I’ll get to see all six of my grandchildren this Thanksgiving. I think back to my feelings about my grandparents when I was their age and shudder. Grandparents moaned and groaned when they pushed themselves out of their chairs and talked about dull things like politics or relatives I didn’t know. In my estimation, they were boooor-ing. This year, I hope to avoid the label “boring.” I imagine one possibility.
With the smells of roasted turkey, sage stuffing, and wild rice permeating the air, my granddaughters, in their early twenties, will offer to help me set the table. Back when they were little, we connected by fairy hunting in the garden, imagining magical worlds. Now I’ll ask the younger, who carries a stack of heavy plates to the dining room table, about her Communications degree, track season, workout program, and whether she thinks she’ll return to live with us next summer to be a pilot for the boats.
After she answers, I’ll tell her that when I was about her age, I was picking out the dinnerware she’s placing on the table because I was engaged to be married. I’ll ask the older granddaughter about her upcoming Physical Therapy internship and make comments about my teaching internship. “Wait a minute,” one of my granddaughters will say. “You were teaching at 21, married at 22, and had Aunt Heather when you were 25?”
My four grandsons will breeze in talking enthusiastically about Minecraft, which, I’m sad to say, baffles me. I’ll give them each a task. While the nine-year-old pours ice water, I’ll ask him about his upcoming robotic class. I’ll try not to allow my eyes to glaze over at terms like algorithm, functions, and designing. “I used to enjoy designing, too,” I’ll say. “I would design secret forts in the woods and if kids wanted to join my club, they had to endure an initiation.”
“Yes. They had to sit on a pricker plant.”
He’ll exchange a Grammy-sure-is-weird glance with his nine-year-old cousin.
I try again with my eldest, football-playing, animal-loving grandson. “So how did your 4-H pig project go, Jay? Did Popcorn gain enough weight to enter the fair?”
“No.” He’ll sadly shake his head as he places silverware around each plate. “She would only eat if someone stood alongside her.”
“Really, how odd? I once had a close encounter with runaway pigs. They’d broken down the schoolyard fence, and they joined us for recess. They weren’t very good at playing football, though.”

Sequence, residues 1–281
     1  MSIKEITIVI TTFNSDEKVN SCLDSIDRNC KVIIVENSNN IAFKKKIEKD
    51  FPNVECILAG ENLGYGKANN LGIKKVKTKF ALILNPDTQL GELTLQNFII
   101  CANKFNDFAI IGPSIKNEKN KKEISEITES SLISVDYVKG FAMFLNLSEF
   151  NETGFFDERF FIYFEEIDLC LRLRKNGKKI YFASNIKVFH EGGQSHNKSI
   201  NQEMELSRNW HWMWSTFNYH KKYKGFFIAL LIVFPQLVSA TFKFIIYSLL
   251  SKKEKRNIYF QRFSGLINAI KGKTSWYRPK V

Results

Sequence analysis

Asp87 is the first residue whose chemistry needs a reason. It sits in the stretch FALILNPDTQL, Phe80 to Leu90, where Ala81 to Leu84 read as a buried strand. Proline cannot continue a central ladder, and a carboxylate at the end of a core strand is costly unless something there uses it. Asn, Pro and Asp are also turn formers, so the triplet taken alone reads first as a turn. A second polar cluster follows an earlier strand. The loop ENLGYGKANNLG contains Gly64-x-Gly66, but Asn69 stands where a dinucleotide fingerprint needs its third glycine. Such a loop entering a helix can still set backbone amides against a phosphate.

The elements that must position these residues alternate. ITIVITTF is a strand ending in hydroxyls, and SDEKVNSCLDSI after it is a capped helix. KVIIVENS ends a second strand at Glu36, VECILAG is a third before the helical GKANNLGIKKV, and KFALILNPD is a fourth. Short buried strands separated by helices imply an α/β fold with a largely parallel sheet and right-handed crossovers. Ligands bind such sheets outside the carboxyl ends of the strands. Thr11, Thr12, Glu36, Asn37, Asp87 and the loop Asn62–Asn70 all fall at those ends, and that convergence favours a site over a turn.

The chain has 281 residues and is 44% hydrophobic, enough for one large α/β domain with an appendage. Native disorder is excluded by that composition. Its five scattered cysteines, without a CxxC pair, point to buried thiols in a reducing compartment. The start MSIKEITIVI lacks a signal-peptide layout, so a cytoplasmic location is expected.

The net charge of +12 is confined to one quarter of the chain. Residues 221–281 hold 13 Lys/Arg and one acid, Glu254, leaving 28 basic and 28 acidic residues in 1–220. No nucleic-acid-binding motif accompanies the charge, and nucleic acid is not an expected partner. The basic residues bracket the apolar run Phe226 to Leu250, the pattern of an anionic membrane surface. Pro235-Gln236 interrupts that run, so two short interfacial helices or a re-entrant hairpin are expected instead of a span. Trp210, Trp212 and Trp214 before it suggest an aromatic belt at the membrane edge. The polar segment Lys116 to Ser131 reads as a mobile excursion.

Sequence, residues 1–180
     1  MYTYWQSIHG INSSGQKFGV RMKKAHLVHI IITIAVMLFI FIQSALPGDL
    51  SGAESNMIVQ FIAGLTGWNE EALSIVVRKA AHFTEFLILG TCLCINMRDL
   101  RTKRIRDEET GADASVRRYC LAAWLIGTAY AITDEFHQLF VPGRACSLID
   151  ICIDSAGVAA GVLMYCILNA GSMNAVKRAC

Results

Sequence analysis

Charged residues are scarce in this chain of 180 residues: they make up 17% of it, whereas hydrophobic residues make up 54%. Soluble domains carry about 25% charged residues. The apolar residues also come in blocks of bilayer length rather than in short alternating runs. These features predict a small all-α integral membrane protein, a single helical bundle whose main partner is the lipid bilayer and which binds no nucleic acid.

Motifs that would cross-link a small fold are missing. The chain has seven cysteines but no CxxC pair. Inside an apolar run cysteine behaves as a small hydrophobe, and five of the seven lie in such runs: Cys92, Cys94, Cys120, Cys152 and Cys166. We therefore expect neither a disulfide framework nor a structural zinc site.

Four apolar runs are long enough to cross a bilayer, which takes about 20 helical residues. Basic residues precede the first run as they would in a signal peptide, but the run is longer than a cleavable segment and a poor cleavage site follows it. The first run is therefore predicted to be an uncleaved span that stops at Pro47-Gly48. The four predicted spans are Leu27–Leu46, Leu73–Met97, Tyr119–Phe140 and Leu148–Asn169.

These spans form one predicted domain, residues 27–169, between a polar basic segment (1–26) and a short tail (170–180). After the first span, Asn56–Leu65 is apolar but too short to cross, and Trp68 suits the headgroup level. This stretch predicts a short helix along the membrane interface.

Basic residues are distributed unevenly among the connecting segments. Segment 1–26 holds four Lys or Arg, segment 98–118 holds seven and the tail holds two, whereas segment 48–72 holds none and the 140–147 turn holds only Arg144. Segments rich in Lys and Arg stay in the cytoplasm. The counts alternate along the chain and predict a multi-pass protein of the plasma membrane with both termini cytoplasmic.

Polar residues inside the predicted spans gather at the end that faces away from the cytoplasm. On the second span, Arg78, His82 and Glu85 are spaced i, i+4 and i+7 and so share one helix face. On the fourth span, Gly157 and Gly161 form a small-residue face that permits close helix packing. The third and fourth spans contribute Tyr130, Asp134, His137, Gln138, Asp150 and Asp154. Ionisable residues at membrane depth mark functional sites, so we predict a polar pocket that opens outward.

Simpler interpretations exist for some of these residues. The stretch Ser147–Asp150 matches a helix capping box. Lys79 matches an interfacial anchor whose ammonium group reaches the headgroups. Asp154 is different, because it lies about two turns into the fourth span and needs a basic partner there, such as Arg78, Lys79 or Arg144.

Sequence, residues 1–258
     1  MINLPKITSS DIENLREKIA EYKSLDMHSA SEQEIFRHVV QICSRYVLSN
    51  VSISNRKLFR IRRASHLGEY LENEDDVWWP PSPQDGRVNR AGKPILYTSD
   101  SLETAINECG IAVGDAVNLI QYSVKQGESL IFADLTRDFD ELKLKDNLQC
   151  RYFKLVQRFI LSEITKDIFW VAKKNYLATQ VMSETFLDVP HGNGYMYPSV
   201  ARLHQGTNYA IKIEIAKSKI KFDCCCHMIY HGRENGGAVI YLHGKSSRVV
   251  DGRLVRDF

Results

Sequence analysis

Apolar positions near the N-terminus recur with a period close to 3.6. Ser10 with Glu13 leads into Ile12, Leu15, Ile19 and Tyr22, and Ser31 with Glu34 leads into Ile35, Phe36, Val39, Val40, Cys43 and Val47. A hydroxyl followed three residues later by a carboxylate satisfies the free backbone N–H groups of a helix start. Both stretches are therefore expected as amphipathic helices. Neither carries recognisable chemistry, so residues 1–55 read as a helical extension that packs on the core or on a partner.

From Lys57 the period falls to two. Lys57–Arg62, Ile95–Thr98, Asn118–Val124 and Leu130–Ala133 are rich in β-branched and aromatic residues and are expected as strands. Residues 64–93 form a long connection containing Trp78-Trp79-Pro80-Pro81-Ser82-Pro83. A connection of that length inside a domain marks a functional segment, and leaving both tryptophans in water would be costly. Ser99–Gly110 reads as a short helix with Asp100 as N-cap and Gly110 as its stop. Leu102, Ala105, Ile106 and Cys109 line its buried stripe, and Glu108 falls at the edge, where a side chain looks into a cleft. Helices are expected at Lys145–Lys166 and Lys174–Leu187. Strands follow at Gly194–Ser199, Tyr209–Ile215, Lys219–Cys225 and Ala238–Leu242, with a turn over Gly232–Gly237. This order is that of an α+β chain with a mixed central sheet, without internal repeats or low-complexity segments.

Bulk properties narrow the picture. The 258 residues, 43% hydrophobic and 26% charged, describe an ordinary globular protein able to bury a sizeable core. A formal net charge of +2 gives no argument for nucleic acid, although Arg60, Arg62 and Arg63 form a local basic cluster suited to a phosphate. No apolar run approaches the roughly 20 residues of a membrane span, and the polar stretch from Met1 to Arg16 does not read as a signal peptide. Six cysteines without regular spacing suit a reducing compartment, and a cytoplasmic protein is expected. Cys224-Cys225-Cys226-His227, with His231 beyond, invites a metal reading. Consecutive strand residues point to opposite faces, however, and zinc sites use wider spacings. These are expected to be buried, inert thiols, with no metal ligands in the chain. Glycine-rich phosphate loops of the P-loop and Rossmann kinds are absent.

I’ll get him to smile, but then he’ll tilt his head. “You had pigs next door to your school?”
“We did. It was a country school surrounded by farms. My friends and I walked together in the morning and hiked back home for lunch every day. Except for Fridays. Fridays were special. Our teacher cooked hotdogs on the small stove. And we got chocolate milk. We loved Fridays.”
My last hope is my six-year-old grandson, who is placing napkins alongside plates. “So, are you still having fun playing soccer at recess?”
“I played kickball, but I wasn’t very good at it. I really loved tetherball. I wanted to be the first one on the court, so I would fly out the schoolhouse door. We also used to play hide-and-seek. My school only had three classrooms, but we had a huge playground. There was this great hiding spot, we called it the cubby hole. It was attached to the building, had three walls, and was creepy and dark. I was hiding there once when I noticed a black-and-white critter in the corner. When it raised its tail—”
“Oh, no,” my grandson might squeal.
“Yep, I high-tailed it out of there.”
“High-tailed it out of there?” He’ll laugh. “That’s funny, Grammy.” He’ll stare at me a second too long. “You’re weird. Do you know that, Grammy?”
Weird. Hmm, that’s kind of close to special. It’s much better than boring. I’ll take it!
“Hey, after dinner, will you play flashlight tag with us again?” he’ll ask.
“Yeah,” another grandchild will add, “that was fun. And can we do that thing with the broom and the “how low can you go” music?”
“The limbo. Sure!”
“And what about our night walk where we try to call in the owls?”
The youngest, who has never done this, will question us. After we explain, he’ll say, “Make owl noises and try to get them to answer us back?” He’ll shake his head. “Weird. When can we go?”
The family will settle in around the Thanksgiving table, each of us with varied interests and different life paths. We’ll join hands, forming a circle, and we’ll give thanks for this food, for our freedoms, for our friends and . . . for family. As weird as that family might be.